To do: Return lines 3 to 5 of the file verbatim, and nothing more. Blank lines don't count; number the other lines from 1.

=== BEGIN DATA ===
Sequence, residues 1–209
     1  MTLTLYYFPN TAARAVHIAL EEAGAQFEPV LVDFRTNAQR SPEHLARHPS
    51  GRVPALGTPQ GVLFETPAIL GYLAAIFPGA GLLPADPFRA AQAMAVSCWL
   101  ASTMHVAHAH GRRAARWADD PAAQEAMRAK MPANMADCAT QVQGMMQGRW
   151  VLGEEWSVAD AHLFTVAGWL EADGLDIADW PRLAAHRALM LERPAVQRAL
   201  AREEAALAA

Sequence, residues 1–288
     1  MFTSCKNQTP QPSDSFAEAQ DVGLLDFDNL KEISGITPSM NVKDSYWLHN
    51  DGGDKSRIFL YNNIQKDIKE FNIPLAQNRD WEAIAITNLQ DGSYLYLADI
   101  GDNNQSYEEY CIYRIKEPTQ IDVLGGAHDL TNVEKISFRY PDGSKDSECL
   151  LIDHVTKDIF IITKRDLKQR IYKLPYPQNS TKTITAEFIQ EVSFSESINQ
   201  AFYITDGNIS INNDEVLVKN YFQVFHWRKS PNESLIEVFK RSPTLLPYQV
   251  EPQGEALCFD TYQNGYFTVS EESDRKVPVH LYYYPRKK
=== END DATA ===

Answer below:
    51  GRVPALGTPQ GVLFETPAIL GYLAAIFPGA GLLPADPFRA AQAMAVSCWL
   101  ASTMHVAHAH GRRAARWADD PAAQEAMRAK MPANMADCAT QVQGMMQGRW
   151  VLGEEWSVAD AHLFTVAGWL EADGLDIADW PRLAAHRALM LERPAVQRAL